Arsenal have conceded 34% of their league goals this term inside the opening 25 minutes. Interestingly, they have also been breached four times in the 45th minute, indicating that they switch off mentally as the break approaches.

Can Liverpool take advantage of their opponent’s first-half Achilles heel? If so, they will have to break a long-standing habit because astonishingly they have only scored twice in the first period in 2021. But guess when those two goals flew in? That’s right. The 45th minute.

The champions are 17/10 to be ahead at half-time.

A disciplinary issue is also worth noting. Arsenal have received five red cards this season. Liverpool have yet to see a player sent off.

Kabak and Phillips offer defensive solution

Many of Liverpool’s problems this season stem from defensive issues, namely losing Virgil Van Dijk, Joe Gomez and Joel Matip to long-term injuries.

Klopp has played 18 different centre-back combinations and the deployment of Jordan Henderson and/or Fabinho in defence has weakened the midfield.

But all of that might be about to improve due to a burgeoning partnership in the shape of Ozan Kabak and Nathaniel Phillips.

Granted Kabak, a 21-year-old loanee from Schalke, and the academy product Phillips may have only started three games together, but all have been clean sheets. They have played 330 minutes together and conceded just one goal.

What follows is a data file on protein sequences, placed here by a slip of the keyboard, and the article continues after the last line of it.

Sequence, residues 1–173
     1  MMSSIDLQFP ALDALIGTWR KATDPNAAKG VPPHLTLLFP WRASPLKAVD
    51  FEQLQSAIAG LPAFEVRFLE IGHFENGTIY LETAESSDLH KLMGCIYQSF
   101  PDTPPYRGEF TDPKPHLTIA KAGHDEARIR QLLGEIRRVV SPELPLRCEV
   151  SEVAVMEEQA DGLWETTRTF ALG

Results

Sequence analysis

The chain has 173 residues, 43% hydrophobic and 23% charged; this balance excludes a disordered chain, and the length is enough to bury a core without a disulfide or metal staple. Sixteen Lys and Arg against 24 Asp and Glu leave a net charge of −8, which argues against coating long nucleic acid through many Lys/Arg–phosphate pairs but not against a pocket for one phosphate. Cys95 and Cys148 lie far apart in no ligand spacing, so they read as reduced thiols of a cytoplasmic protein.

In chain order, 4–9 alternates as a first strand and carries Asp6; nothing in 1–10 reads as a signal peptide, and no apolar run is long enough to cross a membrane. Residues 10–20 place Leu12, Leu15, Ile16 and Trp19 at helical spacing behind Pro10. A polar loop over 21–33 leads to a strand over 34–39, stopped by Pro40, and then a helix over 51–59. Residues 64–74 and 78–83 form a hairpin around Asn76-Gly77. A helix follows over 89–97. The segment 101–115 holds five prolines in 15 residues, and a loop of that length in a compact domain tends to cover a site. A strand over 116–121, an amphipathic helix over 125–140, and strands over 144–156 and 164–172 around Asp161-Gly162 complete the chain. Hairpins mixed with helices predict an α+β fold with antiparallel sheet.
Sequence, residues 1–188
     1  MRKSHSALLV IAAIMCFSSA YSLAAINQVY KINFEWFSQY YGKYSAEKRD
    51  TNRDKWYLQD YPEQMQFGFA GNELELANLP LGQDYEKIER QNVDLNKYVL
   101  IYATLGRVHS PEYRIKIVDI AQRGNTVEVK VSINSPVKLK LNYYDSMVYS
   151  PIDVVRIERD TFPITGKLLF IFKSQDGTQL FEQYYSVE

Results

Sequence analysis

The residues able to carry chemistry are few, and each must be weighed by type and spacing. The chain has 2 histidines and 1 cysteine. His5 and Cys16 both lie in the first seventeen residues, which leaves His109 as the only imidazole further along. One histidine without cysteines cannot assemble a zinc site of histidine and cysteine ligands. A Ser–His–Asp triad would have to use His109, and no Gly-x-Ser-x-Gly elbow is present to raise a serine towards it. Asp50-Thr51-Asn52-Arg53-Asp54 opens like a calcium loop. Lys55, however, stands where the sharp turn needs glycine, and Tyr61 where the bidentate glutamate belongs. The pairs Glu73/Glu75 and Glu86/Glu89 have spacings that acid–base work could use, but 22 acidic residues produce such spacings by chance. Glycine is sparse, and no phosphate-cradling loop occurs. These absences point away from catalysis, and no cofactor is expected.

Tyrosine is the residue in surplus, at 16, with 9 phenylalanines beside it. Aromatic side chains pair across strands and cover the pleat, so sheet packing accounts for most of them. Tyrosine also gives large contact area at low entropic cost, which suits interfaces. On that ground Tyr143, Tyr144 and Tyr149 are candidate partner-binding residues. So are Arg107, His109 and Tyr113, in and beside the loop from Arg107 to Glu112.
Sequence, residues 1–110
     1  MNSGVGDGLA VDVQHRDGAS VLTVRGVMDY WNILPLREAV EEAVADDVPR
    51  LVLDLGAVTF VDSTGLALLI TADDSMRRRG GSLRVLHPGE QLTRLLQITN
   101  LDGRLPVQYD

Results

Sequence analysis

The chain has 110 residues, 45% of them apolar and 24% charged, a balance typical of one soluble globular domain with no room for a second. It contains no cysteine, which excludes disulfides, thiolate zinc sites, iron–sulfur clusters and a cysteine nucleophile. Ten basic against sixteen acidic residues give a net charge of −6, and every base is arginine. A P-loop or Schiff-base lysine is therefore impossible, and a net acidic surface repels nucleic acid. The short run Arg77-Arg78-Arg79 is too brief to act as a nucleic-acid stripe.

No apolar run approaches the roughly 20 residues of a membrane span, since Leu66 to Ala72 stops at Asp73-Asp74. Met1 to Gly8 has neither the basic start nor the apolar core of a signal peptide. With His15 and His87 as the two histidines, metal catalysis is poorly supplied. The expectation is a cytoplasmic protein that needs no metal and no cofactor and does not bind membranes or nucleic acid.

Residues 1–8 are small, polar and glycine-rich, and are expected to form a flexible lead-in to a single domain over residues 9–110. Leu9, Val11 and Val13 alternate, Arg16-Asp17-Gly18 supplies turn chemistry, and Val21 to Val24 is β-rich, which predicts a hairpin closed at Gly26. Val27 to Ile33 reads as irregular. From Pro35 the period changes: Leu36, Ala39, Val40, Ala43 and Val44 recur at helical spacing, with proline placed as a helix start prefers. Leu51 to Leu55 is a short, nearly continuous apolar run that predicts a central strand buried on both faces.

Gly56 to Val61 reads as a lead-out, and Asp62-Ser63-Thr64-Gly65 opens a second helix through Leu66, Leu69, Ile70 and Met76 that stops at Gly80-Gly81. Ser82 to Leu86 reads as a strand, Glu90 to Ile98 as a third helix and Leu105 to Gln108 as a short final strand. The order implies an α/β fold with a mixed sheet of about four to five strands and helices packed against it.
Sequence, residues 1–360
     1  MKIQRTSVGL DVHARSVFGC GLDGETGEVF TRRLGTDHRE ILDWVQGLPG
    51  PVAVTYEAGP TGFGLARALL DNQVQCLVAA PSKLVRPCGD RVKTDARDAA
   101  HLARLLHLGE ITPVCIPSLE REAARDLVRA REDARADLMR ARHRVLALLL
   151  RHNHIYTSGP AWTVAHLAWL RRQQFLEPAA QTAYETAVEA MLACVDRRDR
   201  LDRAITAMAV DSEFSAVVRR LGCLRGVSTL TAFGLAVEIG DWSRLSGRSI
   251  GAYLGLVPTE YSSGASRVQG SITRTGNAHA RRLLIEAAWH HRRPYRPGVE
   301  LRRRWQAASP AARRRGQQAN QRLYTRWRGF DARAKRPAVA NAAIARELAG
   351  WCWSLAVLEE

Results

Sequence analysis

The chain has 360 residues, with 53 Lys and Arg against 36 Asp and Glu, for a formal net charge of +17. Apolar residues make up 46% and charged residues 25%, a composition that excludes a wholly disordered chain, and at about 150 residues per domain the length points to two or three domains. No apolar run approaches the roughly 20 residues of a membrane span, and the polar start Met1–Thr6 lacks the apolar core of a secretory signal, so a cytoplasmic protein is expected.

Kabak in particular is looking more solid with every performance as he adapts to Klopp’s detailed demands and best of all, the duo’s trustworthiness has resulted in Fabinho returning to the centre-circle where he thrives.

Up front there are also grounds for optimism with the return of Diogo Jota. His recent winner against Wolves was a welcome reminder of his goal-threat prior to succumbing to injury while it bodes well that the Reds’ summer signing bagged three on international duty this week for Portugal.

Jota is 11/2 to break the deadlock this weekend.

Champions League suits Liverpool

With Liverpool just two rounds away from reaching what would be their third Champions League final in four seasons, it has been mooted that continental success might be their best route to securing European football again next year. Moreover, lifting the big-eared trophy at the end of May would certainly turn a fan-base’s frown upside-down in spectacular fashion.

Standing in their way are Real Madrid, a formidable prospect with Toni Kroos and Luca Modric in scintillating form. The seasoned schemers could do real damage with no Henderson patrolling.

There are, however, more reasons to be cheerful than fearful for the Reds because this is not the Real Madrid of old. They’re eminently beatable with Eden Hazard a major doubt. Mo Salah, meanwhile, may be suffering a rare goal drought in the Premier League but he boasts three in three in the Champions League.

Liverpool so often find a way through in this tournament. Its dramatic structure suits them.

They are 11/2 to win European football’s biggest prize for a seventh time this season.